CVS Health is expanding its COVID-19 drive-through testing to Michigan. The company today announced the launch of a new rapid COVID-19 drive-through testing site in Dearborn, Mich., in conjunction with federal and state officials. The site will provide state residents with rapid COVID-19 testing and on the spot results at no cost, using the new Abbott ID NOW COVID-19 test.
CVS Health has opened similar large scale rapid testing sites in Connecticut, Georgia, Massachusetts and Rhode Island, and since March, the company has conducted more than 35,000 COVID-19 tests.
Testing in Dearborn will be overseen by licensed healthcare providers from MinuteClinic, the retail medical clinic inside CVS Pharmacy locations, with assistance from CVS pharmacists, and will take place in the parking lot at the Henry Ford Centennial Library at 16301 Michigan Avenue. Patients will receive results on-site in order to properly quarantine or seek treatment as appropriate. No COVID-19 testing will take place at CVS Pharmacy or MinuteClinic locations.
“We’re delivering on our commitment to helping increase the frequency and efficiency of testing,” said Troyen Brennan, chief medical officer and executive vice president at CVS Health. “By expanding into Michigan, we now have five large-scale testing sites open to the public, which enables our dedicated team of healthcare professionals to process thousands of tests every day.”
Rapid COVID-19 testing will be available to eligible individuals who meet criteria established by the Centers for Disease Control and Prevention, in addition to state residency and age guidelines. Patients will need to preregister in advance at CVS.com to schedule a same-day time slot for testing. To help ensure the safety of both patients and healthcare providers, the testing site cannot accommodate walk-ups, and patients are required to remain in their vehicles throughout the entire testing process.
“We need COVID-19 testing now more than ever to get an accurate count of infections to help us continue flattening the curve of this unprecedented pandemic in every corner of our state,” Governor Gretchen Whitmer said. “Our partnership with CVS Health is a significant step toward speeding up Michigan’s recovery and getting Michiganders back to a sense of normalcy in their daily lives.”
The new testing site in Dearborn is part of CVS Health's efforts to expand access to COVID-19 testing to underserved, multicultural communities that are being disproportionately impacted by the pandemic. For example, while African Americans make up 14% of the overall population throughout Michigan, they account for approximately 33% of COVID-19 cases and 40% of deaths caused by COVID-19 in the state. To help address this issue, CVS Health is collaborating with organizations serving various minority populations to increase awareness of testing options in their area, including the National Medical Association, CVS Health said.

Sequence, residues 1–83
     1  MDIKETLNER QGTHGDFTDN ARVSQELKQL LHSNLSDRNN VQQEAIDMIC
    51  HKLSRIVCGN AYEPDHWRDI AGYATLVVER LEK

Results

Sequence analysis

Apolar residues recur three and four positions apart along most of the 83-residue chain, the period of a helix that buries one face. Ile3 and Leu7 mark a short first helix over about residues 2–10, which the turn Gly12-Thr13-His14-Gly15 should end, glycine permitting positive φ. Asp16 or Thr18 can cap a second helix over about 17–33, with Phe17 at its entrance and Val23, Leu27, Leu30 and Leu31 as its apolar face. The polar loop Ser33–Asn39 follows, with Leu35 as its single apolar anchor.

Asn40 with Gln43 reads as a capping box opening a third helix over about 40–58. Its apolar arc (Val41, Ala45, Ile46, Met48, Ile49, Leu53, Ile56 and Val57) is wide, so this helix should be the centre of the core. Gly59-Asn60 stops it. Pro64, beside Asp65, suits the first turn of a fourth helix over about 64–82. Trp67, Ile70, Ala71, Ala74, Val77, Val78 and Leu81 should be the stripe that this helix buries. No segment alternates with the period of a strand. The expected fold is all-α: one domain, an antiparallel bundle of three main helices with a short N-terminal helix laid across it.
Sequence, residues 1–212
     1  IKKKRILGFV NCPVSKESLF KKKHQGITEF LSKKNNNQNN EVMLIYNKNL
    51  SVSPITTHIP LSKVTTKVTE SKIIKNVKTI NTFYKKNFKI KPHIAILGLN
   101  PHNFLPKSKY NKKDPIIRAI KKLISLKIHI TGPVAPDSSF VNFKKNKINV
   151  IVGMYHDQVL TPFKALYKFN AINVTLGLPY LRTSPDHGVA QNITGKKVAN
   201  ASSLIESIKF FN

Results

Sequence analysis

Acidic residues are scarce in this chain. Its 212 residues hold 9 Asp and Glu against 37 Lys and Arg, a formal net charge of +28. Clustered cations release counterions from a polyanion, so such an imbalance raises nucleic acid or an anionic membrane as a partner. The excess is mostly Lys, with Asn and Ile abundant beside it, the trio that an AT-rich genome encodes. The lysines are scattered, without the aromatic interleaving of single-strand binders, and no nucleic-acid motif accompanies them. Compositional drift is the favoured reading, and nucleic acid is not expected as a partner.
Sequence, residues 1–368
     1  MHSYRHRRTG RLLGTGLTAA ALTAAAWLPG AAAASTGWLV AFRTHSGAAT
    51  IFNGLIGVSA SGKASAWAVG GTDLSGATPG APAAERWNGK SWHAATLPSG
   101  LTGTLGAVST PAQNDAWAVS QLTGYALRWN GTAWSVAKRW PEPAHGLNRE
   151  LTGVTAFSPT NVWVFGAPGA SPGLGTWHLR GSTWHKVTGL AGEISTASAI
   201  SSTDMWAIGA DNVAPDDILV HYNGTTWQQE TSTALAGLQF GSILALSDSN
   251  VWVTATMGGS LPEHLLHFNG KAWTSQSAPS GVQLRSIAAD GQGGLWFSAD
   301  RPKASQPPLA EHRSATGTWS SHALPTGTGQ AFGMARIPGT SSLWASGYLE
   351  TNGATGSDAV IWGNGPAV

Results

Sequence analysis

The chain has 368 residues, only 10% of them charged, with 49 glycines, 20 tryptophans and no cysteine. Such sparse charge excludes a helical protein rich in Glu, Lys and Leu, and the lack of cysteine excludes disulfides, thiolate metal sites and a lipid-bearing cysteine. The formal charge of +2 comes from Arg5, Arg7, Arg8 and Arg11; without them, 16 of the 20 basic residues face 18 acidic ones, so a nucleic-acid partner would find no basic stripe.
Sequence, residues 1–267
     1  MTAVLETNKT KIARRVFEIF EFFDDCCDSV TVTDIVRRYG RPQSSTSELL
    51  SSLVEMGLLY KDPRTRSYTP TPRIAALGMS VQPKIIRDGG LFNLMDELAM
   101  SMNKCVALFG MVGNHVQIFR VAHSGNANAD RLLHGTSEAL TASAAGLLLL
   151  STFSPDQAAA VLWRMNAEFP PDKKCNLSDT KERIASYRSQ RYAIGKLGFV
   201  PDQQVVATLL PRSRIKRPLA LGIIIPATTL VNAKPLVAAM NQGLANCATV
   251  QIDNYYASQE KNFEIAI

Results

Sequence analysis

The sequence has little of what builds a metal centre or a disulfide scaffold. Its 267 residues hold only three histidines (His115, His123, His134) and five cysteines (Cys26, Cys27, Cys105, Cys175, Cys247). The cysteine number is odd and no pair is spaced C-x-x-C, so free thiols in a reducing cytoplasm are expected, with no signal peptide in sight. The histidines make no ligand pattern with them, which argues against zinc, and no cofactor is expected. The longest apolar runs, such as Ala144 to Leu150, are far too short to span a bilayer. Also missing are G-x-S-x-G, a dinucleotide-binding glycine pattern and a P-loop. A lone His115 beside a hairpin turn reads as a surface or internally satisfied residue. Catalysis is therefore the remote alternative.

“As the nation’s oldest and largest organization of African American physicians, the National Medical Association and our members are doing everything we can to support our communities during this pandemic,” said Oliver Brooks, president of the National Medical Association. “Our collaboration with CVS Health will help drive more African American community members to rapid COVID-19 testing sites, improving access to necessary care during this crucial time. By working together, we can save lives and bring an end to this public health emergency.”
Utilizing its strong network of members and state and local societies, the NMA will help spread the word and encourage individuals to visit CVS Health’s rapid COVID-19 drive-through testing sites in Dearborn, Atlanta and other areas with large multicultural populations.
“Our rapid COVID-19 drive-through testing sites are helping increase access to testing for everybody impacted by the pandemic, but particularly for groups that have existing challenges with access to care,” said Garth Graham, CVS Health's vice president of community health and impact. “Working with the NMA and other community-based organizations can help us engage with underserved groups in these communities and make sure there is equitable access to testing.”